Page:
Life in GermanyEdit

Sarkohi traveled to Germany, where he lodged as guest of the project “Cities of Refuge” in Frankfurt. From 2000 to 2006 he was a scholarship holder of German P.E.N. Center’s “Writers in Exile” program.[13] He is an honorary member of P.E.N. Center Germany and since 2006, human rights commissioner of the Center[9]

He writes articles on Iranian culture and politics for German newspapers and magazines, like Die Zeit, Süddeutsche Zeitung and NZZ. In addition, he writes regular articles, reviews and essay for the Persian news portal Radio Farda and for BBC Persian Online.


  • Naghshi az Rouzegar (“Sketch of fate”), 1990, publisher: Shiva, Teheran
  • Shab-e dardmand-e arezumandi (“The painful night of waiting”), 1999, publisher: Baran, Stockholm
  • Yas-o-das (“Lylac and Scythe”), 2002, publisher: Baran, Stockholm
  • Das Gelb gereifter Zitronen ("The Yellow of ripe lemons”), in: Sinn und Form, iss.: 3/2001, publisher: Aufbau-Verlag, Berlin


About SarkohiEdit

“Look Europe”, drama by Ghazi Rabihavi, direction and cooperation: Harold Pinter.[17]


  1. ^ Profile of Faraj Sarkohi
  2. ^ a b Faraj Sarkohi, Shab-e dardmand-e arezumandi, 1999, Stockholm, bookcover
  3. ^ Sarkohi, Shab-e dardmand-e arezumandi, 1999, Baran , Stockholm, pages363-369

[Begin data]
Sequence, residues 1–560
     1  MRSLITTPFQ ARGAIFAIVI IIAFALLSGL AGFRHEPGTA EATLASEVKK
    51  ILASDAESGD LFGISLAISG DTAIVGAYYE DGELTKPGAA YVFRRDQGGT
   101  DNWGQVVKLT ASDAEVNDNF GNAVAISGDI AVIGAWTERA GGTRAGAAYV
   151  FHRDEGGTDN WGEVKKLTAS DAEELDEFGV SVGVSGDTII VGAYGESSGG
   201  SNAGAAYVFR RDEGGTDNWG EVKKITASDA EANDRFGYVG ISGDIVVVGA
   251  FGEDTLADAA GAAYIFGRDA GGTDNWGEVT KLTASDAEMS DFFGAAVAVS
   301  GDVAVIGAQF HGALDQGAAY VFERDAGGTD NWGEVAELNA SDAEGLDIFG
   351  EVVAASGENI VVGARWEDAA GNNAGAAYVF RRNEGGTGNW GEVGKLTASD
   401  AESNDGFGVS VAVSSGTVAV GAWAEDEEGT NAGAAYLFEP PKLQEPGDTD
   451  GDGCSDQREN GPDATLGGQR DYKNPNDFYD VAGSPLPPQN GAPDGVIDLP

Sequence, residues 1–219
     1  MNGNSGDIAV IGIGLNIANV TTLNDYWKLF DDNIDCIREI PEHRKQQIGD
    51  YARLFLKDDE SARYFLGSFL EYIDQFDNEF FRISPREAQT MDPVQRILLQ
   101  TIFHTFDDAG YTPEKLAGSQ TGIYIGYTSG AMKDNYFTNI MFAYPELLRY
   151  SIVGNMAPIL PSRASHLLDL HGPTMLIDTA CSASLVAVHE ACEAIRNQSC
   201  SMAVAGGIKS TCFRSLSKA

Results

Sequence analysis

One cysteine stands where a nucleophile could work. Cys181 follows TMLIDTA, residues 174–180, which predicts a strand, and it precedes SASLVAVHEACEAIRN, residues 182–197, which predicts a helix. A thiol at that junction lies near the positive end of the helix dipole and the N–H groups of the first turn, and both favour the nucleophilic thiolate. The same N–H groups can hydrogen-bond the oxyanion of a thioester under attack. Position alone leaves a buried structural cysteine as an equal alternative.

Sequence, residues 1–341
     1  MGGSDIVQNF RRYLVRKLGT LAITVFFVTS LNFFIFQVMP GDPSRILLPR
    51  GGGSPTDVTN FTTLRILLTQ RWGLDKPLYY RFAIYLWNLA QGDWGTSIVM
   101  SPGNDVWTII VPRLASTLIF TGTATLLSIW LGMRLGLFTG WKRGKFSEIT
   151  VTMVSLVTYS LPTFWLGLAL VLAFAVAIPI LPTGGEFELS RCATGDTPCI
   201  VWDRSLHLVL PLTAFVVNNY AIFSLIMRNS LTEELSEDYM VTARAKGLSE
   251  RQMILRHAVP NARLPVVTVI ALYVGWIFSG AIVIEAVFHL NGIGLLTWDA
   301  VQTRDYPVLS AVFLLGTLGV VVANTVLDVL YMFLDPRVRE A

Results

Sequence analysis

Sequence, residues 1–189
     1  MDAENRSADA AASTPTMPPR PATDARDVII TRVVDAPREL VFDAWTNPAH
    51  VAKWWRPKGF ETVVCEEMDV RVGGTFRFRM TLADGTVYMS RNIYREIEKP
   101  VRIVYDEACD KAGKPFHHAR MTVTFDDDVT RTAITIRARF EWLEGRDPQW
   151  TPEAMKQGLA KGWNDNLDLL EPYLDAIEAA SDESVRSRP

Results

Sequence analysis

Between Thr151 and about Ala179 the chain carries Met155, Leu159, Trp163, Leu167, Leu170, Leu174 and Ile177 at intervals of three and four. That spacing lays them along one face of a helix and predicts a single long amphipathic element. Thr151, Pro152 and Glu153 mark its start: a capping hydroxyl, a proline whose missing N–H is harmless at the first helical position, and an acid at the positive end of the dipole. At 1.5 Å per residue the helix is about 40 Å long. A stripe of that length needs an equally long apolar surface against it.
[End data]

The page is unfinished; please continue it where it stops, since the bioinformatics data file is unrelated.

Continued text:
4. ^ a b Sarkohi, Yas-o-das, 2002, Stockholm
  5. ^ A Harrowing Experience at Home: Faraj Sarkuhi's Letter: In Iranian Studies Vol. 30, No. 3/4, Selections from the Literature of Iran, 1977-1997 (Summer - Autumn, 1997), pp. 367-377
  6. ^ The Sarkuhi Case, accessed 25 October 2010
  7. ^ http://www.berlinonline.de/berliner-zeitung/archiv/.bin/dump.fcgi/1997/0212/politik/0235/index.html[permanent dead link]
  8. ^ Norbert Siegmund, Der Mykonos-Prozess, Seite 280
  9. ^ a b c Faraj Sarkohi [ Iran, Deutschland, German, accessed 25 October 2010
  10. ^ "Archived copy". Archived from the original on 2010-12-24. Retrieved 2010-10-25.CS1 maint: archived copy as title (link)
  11. ^ http://www.zeit.de/1997/07/sarkuhi.txt.19970207.xml
  12. ^ Norbert Siegmund, Der Mykonos-Prozess, Seite 279-296
  13. ^ "Archived copy". Archived from the original on 2011-07-19. Retrieved 2010-10-25.CS1 maint: archived copy as title (link)
  14. ^ http://www.hagalil.com/archiv/98/05/tucho.htm
  15. ^ "Archived copy". Archived from the original on 2012-01-16. Retrieved 2012-01-26.CS1 maint: archived copy as title (link)
  16. ^ "Archived copy". Archived from the original on 2011-06-09. Retrieved 2010-10-25.CS1 maint: archived copy as title (link)
  17. ^ "Archived copy". Archived from the original on 2009-10-02. Retrieved 2010-10-25.CS1 maint: archived copy as title (link)